Standards, Targets, and Grading
When learning something new, such as riding a bike, it helps to see someone put that new skill or concept into action, then try it out, gain experience and receive feedback, learn from it, and try again. Working through a collaborative process that allows for students to improve and make progress helps a student develop a deeper understanding of the skill, concept, or power standard.
Eastern Carver County Schools works to develop teaching strategies that encourage students to take more active roles, such as this, in their learning. Following a collaborative learning process, teachers assess student learning using a learning target. This assessment gives students the opportunity to demonstrate their learning and also informs the teacher of the student’s level of learning. At this point, if students are not meeting the learning target goal, teachers continue to support the student’s learning through a variety of instructional strategies and interventions, which may or may not conclude in an opportunity for a reassessment or participate in another opportunity to demonstrate learning. This is determined on a case-by-case basis.
Grading and reporting practices should be used to support learners. At Eastern Carver County Schools, we do this by using practices that reflect academic achievement and learning progress. This is foundational to personalized learning. What happens in the classroom, and in gradebooks, is centered around creating relevant and meaningful learning opportunities for all students.
Grades reflect student learning, which is the focus of our work. Our grading system shows what a student has learned, and can be used by students to reflect on what they’ve learned and where they can continue to grow. No two learners are alike, and our approach to grading supports ongoing learning, when necessary, through multiple opportunities to demonstrate mastery of a subject.
Students have multiple learning opportunities to demonstrate their knowledge. Teachers will deliver feedback so that learners know their current level of understanding and where there is room for growth. Working together, teachers and students identify gaps in learning, and develop a plan for how best to demonstrate when those gaps have been closed. For some students, this might be a traditional retake, for others a different method of assessment.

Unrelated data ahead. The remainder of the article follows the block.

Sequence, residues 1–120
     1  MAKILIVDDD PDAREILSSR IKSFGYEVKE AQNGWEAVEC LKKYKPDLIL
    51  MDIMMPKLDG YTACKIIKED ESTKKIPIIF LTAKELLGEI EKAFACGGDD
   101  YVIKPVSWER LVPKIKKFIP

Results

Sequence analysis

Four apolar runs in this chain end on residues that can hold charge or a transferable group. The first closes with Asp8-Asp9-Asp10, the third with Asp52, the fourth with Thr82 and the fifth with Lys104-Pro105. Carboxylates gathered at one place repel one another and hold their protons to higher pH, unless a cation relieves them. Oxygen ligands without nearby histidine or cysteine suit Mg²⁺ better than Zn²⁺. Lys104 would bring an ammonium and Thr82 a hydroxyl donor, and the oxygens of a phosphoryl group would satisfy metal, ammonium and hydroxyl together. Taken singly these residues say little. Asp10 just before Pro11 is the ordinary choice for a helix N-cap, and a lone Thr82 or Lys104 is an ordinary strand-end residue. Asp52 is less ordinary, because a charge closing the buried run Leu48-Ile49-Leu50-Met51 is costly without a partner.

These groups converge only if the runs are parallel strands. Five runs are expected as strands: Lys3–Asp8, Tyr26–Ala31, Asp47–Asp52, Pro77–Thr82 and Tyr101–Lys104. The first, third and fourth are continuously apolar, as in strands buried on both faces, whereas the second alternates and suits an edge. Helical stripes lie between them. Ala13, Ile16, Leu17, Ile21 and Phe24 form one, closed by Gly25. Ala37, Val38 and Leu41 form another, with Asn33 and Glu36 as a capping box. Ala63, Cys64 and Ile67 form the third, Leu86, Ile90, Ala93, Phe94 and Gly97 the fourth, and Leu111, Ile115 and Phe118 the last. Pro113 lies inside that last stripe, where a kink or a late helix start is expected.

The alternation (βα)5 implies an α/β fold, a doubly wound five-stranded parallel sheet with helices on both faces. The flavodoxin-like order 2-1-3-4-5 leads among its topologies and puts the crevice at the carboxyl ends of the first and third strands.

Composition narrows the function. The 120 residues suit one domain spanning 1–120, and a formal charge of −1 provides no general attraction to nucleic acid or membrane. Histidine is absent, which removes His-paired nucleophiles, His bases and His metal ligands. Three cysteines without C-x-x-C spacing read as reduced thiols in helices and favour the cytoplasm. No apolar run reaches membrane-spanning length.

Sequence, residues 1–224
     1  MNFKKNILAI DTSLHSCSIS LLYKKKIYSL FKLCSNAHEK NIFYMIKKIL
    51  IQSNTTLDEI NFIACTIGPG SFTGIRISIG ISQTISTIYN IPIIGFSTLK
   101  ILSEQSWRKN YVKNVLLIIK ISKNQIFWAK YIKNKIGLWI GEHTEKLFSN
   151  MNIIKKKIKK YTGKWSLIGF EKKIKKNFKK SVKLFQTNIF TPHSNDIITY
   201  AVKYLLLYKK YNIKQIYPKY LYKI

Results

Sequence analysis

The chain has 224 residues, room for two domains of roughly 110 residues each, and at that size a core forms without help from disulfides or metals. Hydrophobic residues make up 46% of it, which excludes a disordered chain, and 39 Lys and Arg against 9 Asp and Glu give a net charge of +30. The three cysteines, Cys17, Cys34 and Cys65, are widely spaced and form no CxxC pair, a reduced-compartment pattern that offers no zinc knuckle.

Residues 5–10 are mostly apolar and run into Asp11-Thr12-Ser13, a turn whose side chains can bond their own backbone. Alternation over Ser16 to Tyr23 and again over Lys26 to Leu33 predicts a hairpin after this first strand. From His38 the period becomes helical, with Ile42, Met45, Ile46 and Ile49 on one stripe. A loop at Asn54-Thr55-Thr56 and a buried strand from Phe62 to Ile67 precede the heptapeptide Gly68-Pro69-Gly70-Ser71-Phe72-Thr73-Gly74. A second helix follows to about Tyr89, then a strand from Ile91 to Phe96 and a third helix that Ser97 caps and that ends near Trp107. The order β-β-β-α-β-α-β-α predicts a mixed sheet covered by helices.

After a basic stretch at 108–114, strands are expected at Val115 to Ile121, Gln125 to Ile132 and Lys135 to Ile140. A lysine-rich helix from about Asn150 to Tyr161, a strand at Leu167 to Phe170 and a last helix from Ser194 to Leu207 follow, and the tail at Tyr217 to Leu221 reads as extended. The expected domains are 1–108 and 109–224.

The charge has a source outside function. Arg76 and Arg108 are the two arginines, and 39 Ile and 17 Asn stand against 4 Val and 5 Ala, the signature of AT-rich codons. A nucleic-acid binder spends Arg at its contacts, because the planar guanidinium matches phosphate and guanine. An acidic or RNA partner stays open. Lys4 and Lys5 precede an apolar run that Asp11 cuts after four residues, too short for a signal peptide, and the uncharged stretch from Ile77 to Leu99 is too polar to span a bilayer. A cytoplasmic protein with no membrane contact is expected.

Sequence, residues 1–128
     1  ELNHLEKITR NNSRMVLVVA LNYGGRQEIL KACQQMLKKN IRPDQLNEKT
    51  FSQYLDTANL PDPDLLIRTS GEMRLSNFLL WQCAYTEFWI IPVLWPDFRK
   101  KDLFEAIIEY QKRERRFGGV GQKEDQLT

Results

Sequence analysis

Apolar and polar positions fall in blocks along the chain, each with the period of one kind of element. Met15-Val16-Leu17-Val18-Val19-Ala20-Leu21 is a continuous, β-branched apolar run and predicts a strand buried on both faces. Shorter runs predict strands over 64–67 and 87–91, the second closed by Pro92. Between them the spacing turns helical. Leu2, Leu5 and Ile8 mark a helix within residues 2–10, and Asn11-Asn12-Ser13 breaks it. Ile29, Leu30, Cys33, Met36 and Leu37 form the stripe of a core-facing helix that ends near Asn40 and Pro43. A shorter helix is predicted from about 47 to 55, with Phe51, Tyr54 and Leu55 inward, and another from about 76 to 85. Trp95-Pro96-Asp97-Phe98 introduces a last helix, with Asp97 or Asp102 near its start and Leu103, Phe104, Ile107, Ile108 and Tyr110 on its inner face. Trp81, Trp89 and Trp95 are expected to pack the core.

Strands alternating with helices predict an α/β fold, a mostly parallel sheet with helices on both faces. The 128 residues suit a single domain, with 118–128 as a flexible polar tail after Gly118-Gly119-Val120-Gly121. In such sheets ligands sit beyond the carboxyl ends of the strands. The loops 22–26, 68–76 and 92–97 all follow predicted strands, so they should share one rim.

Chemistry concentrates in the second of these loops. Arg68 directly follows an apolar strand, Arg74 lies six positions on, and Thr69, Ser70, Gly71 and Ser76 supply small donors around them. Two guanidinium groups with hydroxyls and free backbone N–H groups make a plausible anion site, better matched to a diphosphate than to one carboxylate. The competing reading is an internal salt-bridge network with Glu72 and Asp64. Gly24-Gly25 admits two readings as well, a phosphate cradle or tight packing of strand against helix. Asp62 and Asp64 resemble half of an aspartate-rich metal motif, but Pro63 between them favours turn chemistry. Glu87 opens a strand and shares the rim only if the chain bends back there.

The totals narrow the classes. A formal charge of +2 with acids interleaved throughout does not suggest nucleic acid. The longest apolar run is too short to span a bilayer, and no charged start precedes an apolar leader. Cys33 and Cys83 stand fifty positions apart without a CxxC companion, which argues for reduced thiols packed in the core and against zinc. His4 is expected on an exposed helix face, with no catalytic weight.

Grading Parameters for Grades 6-12
Eastern Carver County Schools is committed to ensuring that all students reach their personal best. Guidelines concerning how and what we grade are in place at both the high school and middle school levels to support that mission. For the past several years, our teachers and leaders have engaged in continuous improvement to increase the efficacy and consistency of our grading practices. We are driven by the following key assumptions:
Grades should accurately reflect how much a student has learned in relation to course standards.
The calculation of grades should be clearly understood by parents and students.
Students differ from each other in many ways. Grading practices should accommodate for, and capitalize on, those differences.
Productive learning behaviors (such as work completion, self-advocacy, and attention to detail) support high levels of learning, but they do not guarantee it.
These assumptions have been the driving force behind a number of grading changes that have been implemented across the state and in ECCS over the past few years, specifically:
Grades based mostly or entirely on learning that is demonstrated by way of tests and projects (or, “performance” assignments), with daily work and homework (i.e. “practice”) accounting for much less or none of the final grade calculation.
Opportunities to retake tests and redo projects and essays to ensure that students master the material.
Scoring late work on its quality and not deducting for time, knowing that some students may take longer to master the material.
No extra credit or points for participation.
Changes for the 2021-2022 School Year (Middle and High School)
As a data-driven district, we monitor the success of our initiatives and continuously make adjustments based on what we have learned. A few problems with our approach were identified by teachers and families, and so we are implementing some changes this year:
Issue: Students don’t always see the connection between practice work and learning; practice work completion had fallen off in some areas when it no longer had a large impact on the final grade. As a result, student performance on summative assessments began to decrease as students were not doing the practice work in preparation.
Teachers have more freedom to include practice work in the final grade calculation, knowing that an impact on the final grade will motivate some students to complete it.
In addition, parents have shared that they want more timely notifications when student task completion is falling off. To that end, teachers will be asked to mark an assignment as missing (M) or turned in (T) within two class periods of its due date. Parents and students will see an M on Parent Portal to indicate missing, and a T to indicate turned in but not yet graded. Eventually, the T will be replaced by the score.